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Frederick Smith Hilson | People | Turvey History

Frederick Smith Hilson

War grave from Etaples cemetery for Frederick Smith Hilson.
Gary Maydom

As a youngster in the church choir, I would annually sit in the Remembrance Day Service at All Saints, Turvey and be struck by the list of names read out during the service. Without doubt, I was always a little puzzled, as one of the men honoured bore my family name and was inscribed on the village war memorial. I knew very little about Frederick Smith Hilson, other than he had died in World War 1 and apart from this, my interest in my relationship to him had never been more than a passing curiosity. Also, for a family of good story tellers, it now seems remarkable that any stories about him have not been passed on by word of mouth.

In 1988, I started to research the Hilson family history, whereby I was fortunate to trace Hilsons in Turvey back to 1771 through the parish records. In Easter 2003, we decided to take a family holiday to Northern France and in preparation for this, we started to plan where we could visit in the surrounding area and it is at this point, that I became curious about Frederick Smith Hilson, who I learned was buried in Etaples military cemetery.

So, who was he? It appears that he was a regular village lad from a very large family. He was the son of Samuel Hilson and Mary Ann, who had fourteen children in all, twelve of whom survived. My great grandfather, George was the second eldest son and Frederick was the second youngest son. Samuel and Mary Ann are recorded on a number of census records. They seem to have moved around the village from census to census but in essence, Samuel always worked on the local farms, either as a herdsman or a farm labourer and Mary Ann is recorded in 1871 as a lace maker.
In the 1891 census, the family are living in Carlton Road where Samuel is a farm labourer and Frederick is only 6 years old, living in the family home with seven other siblings and his parents. In 1901, we learn that he is a bakers’ boy, aged 16 and living in Cottage Lodge. At this time, he is living with his older brother Samuel and his younger brother Ernest, as well as his parents. In 1911, the family unit is the same; Samuel (aged 64) and Mary (aged 65) are now living at Picts Hill Farm with Samuel aged 32, Frederick aged 26 and Ernest aged 22. Frederick and Ernest are both recorded as “working on farm at home”.

Frederick’s medal card shows very little detail, but we know that he was in the 4th Battalion of the Bedfordshire Regiment, he joined up on the 17th September 1915, he was probably a rifleman and that he died of his wounds sustained in Flanders, at Etaples Military Hospital on July 18th 1917, aged 32. I sometimes wonder who received that telegram at the gate of Picts Hill Farm and opened it to read those first feared words of “Deeply regret to inform you…”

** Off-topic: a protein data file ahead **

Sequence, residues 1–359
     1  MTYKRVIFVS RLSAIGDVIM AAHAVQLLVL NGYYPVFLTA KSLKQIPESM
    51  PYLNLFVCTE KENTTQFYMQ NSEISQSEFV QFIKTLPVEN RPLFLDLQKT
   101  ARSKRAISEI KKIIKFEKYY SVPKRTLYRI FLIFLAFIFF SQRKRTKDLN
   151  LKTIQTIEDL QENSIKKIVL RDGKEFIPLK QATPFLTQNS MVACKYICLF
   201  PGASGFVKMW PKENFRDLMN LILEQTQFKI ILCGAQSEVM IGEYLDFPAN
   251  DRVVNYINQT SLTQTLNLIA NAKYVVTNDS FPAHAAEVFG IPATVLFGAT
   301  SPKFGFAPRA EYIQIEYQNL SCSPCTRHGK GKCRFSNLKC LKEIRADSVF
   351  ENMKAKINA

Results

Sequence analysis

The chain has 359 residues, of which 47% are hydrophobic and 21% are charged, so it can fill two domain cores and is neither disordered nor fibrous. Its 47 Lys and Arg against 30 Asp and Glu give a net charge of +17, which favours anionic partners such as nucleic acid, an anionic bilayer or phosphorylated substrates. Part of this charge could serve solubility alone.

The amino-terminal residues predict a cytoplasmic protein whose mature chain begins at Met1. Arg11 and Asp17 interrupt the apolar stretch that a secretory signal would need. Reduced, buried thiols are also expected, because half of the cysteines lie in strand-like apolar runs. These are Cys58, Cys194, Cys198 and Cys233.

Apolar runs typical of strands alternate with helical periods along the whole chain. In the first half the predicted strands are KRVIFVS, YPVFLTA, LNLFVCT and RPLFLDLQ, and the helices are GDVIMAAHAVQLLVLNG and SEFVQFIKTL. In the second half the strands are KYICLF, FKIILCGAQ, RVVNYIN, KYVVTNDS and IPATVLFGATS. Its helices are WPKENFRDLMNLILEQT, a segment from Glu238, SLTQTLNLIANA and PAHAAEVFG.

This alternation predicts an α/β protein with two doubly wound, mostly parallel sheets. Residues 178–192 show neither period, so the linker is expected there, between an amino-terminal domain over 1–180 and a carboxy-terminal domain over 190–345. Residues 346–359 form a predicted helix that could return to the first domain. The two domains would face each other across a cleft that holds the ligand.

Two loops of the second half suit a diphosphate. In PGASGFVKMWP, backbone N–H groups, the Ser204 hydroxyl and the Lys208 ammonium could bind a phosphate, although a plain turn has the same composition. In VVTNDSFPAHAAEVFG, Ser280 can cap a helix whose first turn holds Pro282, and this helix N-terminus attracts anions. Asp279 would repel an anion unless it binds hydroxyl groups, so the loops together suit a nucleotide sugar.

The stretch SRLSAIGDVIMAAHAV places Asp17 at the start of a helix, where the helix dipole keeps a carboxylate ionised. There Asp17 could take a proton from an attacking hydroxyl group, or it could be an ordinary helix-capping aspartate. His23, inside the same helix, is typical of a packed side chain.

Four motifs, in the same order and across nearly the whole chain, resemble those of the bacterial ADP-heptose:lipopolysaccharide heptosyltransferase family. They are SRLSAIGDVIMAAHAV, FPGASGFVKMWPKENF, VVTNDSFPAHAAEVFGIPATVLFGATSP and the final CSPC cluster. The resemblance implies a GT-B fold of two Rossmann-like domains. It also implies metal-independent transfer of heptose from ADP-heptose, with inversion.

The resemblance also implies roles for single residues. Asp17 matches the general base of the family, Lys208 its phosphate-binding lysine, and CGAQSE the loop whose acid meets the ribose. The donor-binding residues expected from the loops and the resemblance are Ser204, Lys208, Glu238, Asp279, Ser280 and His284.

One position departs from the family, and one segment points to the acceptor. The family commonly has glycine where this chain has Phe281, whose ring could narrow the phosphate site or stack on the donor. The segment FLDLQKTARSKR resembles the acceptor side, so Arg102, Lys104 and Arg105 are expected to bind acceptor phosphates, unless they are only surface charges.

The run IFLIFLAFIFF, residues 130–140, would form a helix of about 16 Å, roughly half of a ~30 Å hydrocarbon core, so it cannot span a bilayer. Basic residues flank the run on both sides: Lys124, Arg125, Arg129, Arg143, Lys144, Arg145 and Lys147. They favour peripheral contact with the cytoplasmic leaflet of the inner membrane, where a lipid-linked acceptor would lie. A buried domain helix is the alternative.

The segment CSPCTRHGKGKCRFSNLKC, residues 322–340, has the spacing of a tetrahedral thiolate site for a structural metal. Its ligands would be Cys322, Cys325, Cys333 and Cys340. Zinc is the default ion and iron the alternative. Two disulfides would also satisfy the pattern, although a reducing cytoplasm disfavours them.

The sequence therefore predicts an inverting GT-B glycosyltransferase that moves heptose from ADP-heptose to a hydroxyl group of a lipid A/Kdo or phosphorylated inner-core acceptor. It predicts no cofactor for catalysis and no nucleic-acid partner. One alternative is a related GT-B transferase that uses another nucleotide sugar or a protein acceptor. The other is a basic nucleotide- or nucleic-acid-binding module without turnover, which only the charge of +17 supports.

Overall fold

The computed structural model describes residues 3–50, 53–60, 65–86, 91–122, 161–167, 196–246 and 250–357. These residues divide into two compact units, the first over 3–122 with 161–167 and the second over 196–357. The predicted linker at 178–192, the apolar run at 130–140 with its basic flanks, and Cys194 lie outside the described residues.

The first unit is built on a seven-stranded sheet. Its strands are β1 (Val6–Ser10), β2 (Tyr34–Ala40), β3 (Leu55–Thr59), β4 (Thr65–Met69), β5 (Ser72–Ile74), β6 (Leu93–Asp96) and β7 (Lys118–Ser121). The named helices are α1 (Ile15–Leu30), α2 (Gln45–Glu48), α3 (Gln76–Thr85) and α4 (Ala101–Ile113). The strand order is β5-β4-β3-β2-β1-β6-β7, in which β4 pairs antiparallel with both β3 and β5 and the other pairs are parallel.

Today Etaples Military cemetery is vast; the memorial itself is simple but stunning, surrounded by row upon row of Portland stone graves that stand in neat lines, interweaved by pristine lawns. The whole experience of visiting his grave was extremely humbling, especially as I began to realise that I was probably the only member of the Hilson family ever to have visited the grave. Many stones had no inscriptions other than name, rank, regiment and date, but surprisingly Frederick’s did. At the bottom of the stone, there were inscribed just three words, “Peace, perfect peace”. It appears that families could ask for an inscription if they wished but initially were asked to pay a small fee, with a maximum of 66 characters. Due to public pressure about the payment, the fee was later withdrawn (around 1920), with a suggestion of a voluntary contribution instead. We do not know whether Samuel and Mary paid for this inscription, which on a farm labourer’s pay would have been costly, but it obviously gave them comfort to use the words taken from the hymn of the same name, written by Edward Bickersteth and inspired by Isaiah 26.3.

We can only guess the aftermath that Frederick’s death had on this large village family and the enormous impact that the deaths of all the men commemorated on the war memorial had on the village as a community; ordinary men who made the ultimate sacrifice.

Fredericks’ father, Samuel Hilson, my great, great grandfather, died on February 21st 1923, just six years after his son. He is buried in Turvey Cemetery. It is both tragic and poignant that the inscription on his stone completes the inscription on his son’s stone, many miles away in a cemetery in Northern France;
“Peace, perfect peace, with loved ones far away”.

NB. Frederick’s name was read out at the Tower of London Roll of Honour in November 2014. It was a very poignant moment for us as a family to witness this, surrounded by the beautiful art installation of the ceramic poppies.

References

i) Sister Elsie Tranter, an Australian nurse, has well documented diaries which paint a picture of Etaples military hospital at the time just before Frederick’s death. She records entries in her diary from March to July 1917.

ii) Bickersteth, Edward The hymn, ‘Peace, Perfect Peace’, was written in 1875, and it was subsequently published in 324 hymnals.

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